Stuck On You

7 05 2010

A couple of weeks ago I found myself waiting for a friend to pick me up outside Dallas Love Field. Nothing beats airport time when you have time to kill, because your mind can run freely, unencumbered by the usual office distractions at work.

And so my mind ran freely. Too bad for my friend that Dallas traffic wasn’t doing likewise, because I wound up waiting there a while. But that was not a problem that fine morning, because I really enjoyed just sitting in the fresh air.

Playing with my iPhone. And the Facebook app.

Which is when it hit me that FB has become the Velcro of our online and mobile existence. Of all the simple things I do on my phone or computer, there isn’t much I can’t do via FB.

Like email. Texting. Calling.

That handy little app, despite a few limitations, has become my master contact list. I realized that I am using my email accounts less and less these days, opting instead to just send a FB message…which is pushed to other app-driven phones just like an incoming text message. It pops the same way, it chimes the same way.

In fact, when my plane hit the runway (OK, maybe “hit” isn’t the right word…how about “landed gracefully?”), I wanted to give my buddy a heads-up as to my arrival. I didn’t have his number stored in my phone, though. But by being FB friends, all I needed to do was push a direct message, which accomplished the same thing.

To which he responded with a FB message.
But as 10 minutes grew into 30 minutes, I figured it might be better to actually talk to him. Hmmm…now how can I do this if I don’t have his number?

Ah, yes. Most people provide their phone number when they register for FB. I scrolled through my friends list on the app and looked for the little phone icon next to his name. Bazinga! I tapped it and within a few seconds was chatting away to my friend hopelessly mired in morning traffic.

Many of my students snickered this semester when I told them that FB was going to one day usurp email. But now I had proof that it’s well on its way to rendering obsolete our contact list. Sure, we’ll probably still use one, especially to file more detailed info about our family and friends, as well as to be able to contact those few people who have yet to discover Facebook. But for sheer ease of use, the FB app is the best.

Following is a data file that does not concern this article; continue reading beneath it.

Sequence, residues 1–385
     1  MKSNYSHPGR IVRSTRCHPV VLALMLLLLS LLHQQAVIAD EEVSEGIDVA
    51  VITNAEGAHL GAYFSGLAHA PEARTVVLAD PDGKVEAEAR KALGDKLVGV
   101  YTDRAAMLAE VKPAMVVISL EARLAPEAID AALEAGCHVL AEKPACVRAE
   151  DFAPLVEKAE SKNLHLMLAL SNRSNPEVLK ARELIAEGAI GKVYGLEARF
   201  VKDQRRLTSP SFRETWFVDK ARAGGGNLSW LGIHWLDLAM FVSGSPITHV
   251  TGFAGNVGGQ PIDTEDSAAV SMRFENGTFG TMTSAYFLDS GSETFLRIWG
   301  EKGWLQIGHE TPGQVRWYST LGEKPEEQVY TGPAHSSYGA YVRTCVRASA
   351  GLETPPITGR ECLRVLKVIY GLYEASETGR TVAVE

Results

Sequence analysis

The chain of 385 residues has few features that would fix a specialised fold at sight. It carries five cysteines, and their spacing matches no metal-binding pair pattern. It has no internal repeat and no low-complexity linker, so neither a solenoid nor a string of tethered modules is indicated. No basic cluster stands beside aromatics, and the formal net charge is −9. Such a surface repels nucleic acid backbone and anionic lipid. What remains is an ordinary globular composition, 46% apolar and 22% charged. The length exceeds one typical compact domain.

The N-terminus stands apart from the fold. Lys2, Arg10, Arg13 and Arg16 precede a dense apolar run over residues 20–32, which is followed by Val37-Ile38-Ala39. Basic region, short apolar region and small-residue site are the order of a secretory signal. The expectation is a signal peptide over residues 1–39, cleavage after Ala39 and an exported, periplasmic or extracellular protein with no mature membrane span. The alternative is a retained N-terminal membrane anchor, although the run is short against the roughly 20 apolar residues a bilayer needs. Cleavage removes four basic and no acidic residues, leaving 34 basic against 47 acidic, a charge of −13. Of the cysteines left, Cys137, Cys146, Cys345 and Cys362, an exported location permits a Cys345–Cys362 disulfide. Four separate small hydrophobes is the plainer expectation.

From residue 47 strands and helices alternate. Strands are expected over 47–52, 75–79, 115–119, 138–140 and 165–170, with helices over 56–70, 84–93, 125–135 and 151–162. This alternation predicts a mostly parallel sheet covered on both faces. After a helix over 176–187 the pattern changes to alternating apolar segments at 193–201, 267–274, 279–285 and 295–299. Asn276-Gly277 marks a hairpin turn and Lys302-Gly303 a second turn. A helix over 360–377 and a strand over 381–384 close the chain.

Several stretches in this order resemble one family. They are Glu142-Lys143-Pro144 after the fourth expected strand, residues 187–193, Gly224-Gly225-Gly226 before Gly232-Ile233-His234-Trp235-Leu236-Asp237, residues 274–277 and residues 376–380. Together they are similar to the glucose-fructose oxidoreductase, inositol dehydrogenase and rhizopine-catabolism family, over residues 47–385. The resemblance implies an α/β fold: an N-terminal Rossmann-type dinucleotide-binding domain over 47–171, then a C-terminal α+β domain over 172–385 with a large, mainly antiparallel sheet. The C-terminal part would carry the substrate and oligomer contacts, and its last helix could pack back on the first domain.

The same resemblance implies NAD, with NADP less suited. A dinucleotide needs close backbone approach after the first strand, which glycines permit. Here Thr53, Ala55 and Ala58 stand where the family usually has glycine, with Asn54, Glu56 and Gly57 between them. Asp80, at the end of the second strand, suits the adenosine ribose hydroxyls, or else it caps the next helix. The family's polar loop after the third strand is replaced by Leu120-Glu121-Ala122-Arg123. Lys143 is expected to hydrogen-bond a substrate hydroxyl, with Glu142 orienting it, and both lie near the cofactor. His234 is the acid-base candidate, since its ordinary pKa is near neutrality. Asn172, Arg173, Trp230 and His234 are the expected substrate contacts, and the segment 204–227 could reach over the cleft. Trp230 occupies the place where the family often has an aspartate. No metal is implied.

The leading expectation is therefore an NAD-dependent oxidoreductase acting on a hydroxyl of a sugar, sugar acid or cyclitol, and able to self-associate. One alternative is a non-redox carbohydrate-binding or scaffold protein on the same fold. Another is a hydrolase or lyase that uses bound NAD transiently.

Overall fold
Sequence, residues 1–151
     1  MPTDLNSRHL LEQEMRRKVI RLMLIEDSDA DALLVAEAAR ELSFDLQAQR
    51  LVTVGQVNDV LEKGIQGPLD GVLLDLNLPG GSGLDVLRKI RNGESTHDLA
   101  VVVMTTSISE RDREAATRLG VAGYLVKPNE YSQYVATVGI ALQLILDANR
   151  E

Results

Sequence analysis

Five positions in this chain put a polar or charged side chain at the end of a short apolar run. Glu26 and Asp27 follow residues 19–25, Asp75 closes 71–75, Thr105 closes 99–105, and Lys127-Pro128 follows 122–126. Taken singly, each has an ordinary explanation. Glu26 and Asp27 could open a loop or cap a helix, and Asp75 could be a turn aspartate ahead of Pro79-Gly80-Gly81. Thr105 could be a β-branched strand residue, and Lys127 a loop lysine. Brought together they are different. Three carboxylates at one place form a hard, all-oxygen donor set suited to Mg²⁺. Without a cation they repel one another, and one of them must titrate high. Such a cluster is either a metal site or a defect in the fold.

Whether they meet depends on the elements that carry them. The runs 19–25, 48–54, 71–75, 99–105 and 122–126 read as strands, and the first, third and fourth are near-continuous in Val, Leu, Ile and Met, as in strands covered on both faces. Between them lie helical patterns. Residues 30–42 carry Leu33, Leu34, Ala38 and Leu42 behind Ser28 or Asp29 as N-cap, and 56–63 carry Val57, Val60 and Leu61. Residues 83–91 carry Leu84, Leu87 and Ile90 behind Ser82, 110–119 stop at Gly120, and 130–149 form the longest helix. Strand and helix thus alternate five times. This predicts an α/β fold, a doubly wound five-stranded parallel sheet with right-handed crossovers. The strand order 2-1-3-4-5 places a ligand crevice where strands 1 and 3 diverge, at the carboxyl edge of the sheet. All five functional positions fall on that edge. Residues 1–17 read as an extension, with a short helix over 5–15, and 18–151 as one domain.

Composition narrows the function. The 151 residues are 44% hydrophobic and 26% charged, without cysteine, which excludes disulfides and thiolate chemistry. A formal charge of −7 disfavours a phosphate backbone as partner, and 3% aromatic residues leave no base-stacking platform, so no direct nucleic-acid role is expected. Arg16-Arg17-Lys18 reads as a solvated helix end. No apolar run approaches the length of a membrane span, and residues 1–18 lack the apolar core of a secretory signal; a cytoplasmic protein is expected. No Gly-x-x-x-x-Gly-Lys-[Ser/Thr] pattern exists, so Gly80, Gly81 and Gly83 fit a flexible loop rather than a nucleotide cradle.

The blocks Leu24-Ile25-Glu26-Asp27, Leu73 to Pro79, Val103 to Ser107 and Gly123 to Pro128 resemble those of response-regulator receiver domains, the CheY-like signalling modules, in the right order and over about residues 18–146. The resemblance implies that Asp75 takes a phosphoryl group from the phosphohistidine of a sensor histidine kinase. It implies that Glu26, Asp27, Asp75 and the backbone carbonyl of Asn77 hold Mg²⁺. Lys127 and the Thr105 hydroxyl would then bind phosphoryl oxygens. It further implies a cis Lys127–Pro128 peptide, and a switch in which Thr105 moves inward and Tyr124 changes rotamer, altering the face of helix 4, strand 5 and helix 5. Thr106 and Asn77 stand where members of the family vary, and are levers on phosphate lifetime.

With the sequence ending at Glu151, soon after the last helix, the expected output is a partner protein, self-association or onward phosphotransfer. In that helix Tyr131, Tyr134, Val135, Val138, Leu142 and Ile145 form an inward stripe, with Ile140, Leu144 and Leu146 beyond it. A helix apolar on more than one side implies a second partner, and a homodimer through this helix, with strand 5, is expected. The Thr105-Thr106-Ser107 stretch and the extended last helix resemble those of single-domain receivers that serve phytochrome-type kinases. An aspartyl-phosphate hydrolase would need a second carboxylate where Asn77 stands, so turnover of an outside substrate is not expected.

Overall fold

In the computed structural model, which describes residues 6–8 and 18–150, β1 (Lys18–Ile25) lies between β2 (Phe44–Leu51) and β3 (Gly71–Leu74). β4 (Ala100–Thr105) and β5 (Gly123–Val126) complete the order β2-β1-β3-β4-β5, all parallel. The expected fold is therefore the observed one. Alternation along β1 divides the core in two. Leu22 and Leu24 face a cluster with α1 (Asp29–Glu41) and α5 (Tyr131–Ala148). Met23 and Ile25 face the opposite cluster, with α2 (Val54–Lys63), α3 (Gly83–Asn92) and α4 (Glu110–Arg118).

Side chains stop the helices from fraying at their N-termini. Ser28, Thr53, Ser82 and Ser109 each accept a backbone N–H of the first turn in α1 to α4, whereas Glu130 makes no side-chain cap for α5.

After all, I’m stuck to it like Velcro. Why leave one app when you already have nearly everything you need in one handy place, right?

Facebook may be making news these days by selling our private information to marketers, and for deftly placing those three ads in the right-hand column. What they really need to be focusing on is pushing ad content through the phone app.

Because that’s where I am. That’s where you are. Hooked and looped. Eyes glazed over. Status. Updated.

Dr “What’s On Your Mind?” Gerlich

What’s In Store

4 05 2010

Call me every bad name in the book, but I just can’t stand it when I feel like I am being guilted into doing something. Even if it means I look like I’m not supporting the local economy.

Today’s Amarillo Globe-News carried a 2-page spread touting the new “Shop Smart. Shop Local.” campaign to try to keep Amarillo shopping dollars neatly and tidily within this silo we call home. The thrust of the campaign is that, if each of us spent 1% of our taxable purchases outside of the area, it would cost Amarillo 6 (yes, SIX) police officers!

Don’t you just love it when people imply our very public safety is at risk because we…gasp…might go shopping elsewhere? Or…gasp again…online?

That’s exactly what they are saying. Then they toss in the old economic saw, that money spent locally returns local salaries for me, you and all of our neighbors. I quote the ad: “But buying goods outside the region or on the Internet means we lose economic power and tax dollars to other communities.”

This may indeed be very true, but since when did economic jingoism ever serve to build an economy the way it should be built?

First of all, let me explain that I teach e-commerce in my Evolutionary Marketing course. E-commerce is not going away. Please don’t tell me that this entire subject matter is fraught with evil simply because you want us to patronize local businesses. Secondly, I must question whether our friendly ralliers have a problem when outsiders patronize local online businesses such as or

That’s what I thought.